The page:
MANDAN, N.D. -- Mandan might be ending a 30-year ordeal with a railroad diesel spill after the recovery of nearly 1 million gallons of fuel.
A state health official last week said the city can plan the shutdown of wells used to clean up the Burlington Northern (now BNSF Railway) spill.
Since consultant Leggette, Brashears and Graham Inc. began handling the spill in 2006, nearly 1 million gallons of diesel fuel have been recovered, according to a state Health Department report.
The spill area once reached from the BNSF Railway yard to the Law Enforcement Center and a four-block area from First to Fourth streets. The depth of the spill measured nearly 3 feet above the groundwater and contaminated the soil
City Administrator Jim Neubauer said the Mandan Remediation and Trust will decide Nov. 5 on an action plan to decommission what remains of the 285 extraction wells in the downtown area. Neubauer also is a member of the trust agency, which decides how to spend a $25 million settlement received from the BNSF Railway in 2004 for causing the spill.
About $7.4 million of that fund remains.
Much of the fund has been used to pay the consultant for its well system and to gauge contamination levels, to buyout properties for cleanup work and for entities affected by the spill. The Morton County Commission received $240,000 from the settlement fund to make the ground floor of the Law Enforcement Center usable.
Employees using the ground floor of the center had complained of illness in the 1990s and the ground level was not a work space until the 2010 repairs.
City Commissioner Dennis Rohr, then Mandan Police chief, said he noticed problems when “I felt something bubbling up from the carpet.” Soon after that, staff was removed from the lower floor, he said. The county installed a diesel collector and groundwater separator three years ago, after it reached a cost-share agreement with the Mandan Remediation and Trust.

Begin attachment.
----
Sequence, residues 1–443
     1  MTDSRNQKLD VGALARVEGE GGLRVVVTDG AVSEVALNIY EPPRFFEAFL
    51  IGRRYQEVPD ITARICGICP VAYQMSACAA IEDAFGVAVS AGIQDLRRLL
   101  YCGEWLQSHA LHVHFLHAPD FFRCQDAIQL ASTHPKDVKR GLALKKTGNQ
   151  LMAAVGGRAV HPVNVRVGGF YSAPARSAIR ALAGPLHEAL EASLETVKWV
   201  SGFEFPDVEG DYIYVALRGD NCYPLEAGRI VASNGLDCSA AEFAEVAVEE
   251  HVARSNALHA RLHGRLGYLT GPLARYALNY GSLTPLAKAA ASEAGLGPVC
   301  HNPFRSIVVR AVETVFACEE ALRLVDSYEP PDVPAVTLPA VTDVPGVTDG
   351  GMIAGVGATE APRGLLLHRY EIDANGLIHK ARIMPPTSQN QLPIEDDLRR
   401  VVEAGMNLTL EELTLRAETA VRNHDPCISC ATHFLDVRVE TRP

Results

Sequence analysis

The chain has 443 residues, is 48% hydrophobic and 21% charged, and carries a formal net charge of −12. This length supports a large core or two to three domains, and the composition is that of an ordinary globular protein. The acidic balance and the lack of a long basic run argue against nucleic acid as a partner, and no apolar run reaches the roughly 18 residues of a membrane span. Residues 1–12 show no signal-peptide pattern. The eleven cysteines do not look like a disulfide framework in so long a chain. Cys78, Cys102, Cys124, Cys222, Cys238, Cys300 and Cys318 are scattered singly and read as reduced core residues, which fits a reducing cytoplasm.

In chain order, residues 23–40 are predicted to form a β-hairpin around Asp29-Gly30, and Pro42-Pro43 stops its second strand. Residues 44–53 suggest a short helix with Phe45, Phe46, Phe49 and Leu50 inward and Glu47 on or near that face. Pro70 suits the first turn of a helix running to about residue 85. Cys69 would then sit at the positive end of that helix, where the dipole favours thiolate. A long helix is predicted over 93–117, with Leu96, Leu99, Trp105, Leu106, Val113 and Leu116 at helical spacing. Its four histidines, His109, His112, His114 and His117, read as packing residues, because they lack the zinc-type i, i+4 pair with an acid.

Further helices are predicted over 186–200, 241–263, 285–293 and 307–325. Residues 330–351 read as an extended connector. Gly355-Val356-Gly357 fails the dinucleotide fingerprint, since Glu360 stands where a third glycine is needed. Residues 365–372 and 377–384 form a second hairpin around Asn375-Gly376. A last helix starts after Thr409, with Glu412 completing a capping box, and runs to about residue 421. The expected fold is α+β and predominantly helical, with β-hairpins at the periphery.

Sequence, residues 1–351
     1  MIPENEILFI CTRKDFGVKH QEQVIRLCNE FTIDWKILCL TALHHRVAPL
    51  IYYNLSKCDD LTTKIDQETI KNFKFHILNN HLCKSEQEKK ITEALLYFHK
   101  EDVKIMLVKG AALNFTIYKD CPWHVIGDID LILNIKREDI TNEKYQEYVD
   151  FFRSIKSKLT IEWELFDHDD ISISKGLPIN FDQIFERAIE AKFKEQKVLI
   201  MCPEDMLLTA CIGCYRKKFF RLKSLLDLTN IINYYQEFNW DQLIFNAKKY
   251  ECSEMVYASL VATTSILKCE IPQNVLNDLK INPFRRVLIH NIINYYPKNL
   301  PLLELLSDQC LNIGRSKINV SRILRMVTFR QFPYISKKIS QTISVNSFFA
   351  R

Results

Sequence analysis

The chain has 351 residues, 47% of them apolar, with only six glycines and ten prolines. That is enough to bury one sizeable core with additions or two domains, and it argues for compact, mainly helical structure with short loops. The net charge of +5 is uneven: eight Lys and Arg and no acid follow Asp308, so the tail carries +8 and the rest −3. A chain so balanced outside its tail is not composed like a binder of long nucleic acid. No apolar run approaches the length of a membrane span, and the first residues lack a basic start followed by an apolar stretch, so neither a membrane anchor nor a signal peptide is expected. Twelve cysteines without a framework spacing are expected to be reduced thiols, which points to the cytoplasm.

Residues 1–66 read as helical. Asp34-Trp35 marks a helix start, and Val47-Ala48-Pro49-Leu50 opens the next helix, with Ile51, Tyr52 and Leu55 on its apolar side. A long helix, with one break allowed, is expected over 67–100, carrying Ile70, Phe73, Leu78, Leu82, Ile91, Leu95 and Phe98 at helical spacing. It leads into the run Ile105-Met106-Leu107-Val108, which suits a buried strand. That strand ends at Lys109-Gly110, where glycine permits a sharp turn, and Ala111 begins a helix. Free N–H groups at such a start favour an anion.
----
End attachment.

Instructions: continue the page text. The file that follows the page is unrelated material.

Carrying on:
Another $2.5 million has been placed into a supplemental trust to improve green space in Mandan, Neubauer said.
Seventy-five percent of the 285-unit well system used to recover the contamination could be shut down through the MRT plan in the near future, he said. A timeline for the plan has to be decided by the MRT, he said..
“We’re looking at one to three years before the system can be completely shut down,” said Scott Radig, the waste management director for the state Health Department. “We’re waiting for comments to shut down parts of the remediation system.”
Neubauer said evidence of the contamination first appeared in 1985 when the Law Enforcement Center was being built. LBG’s 2006 assessment showed diesel product depths of nearly 3 feet above groundwater.
“In August of 2013, there was only one well that has over 1 foot of product floating on the water table. There’s a few others with small amounts of free product left,” Radig said. “The majority of the downtown area is completely free of any measurable amounts of fuel floating on the water table.”
“Since this remediation went into place, there has been 353,962 gallons of hydrocarbon products recovered and 417,000 pounds of methane have been recovered,” Radig said. “Before this project, Burlington Northern recovered 600,000 gallons of fuel. We are approaching 1 million gallons of fuel that have been recovered from downtown Mandan.”
Neubauer said the wells on the Collins Avenue and Main Street already have been plugged.
He said the recovery program was divided into three different zones. Each can be controlled independently of the other wells. It was designed so that portions of the wells could be shut down without affecting the other cleanup wells.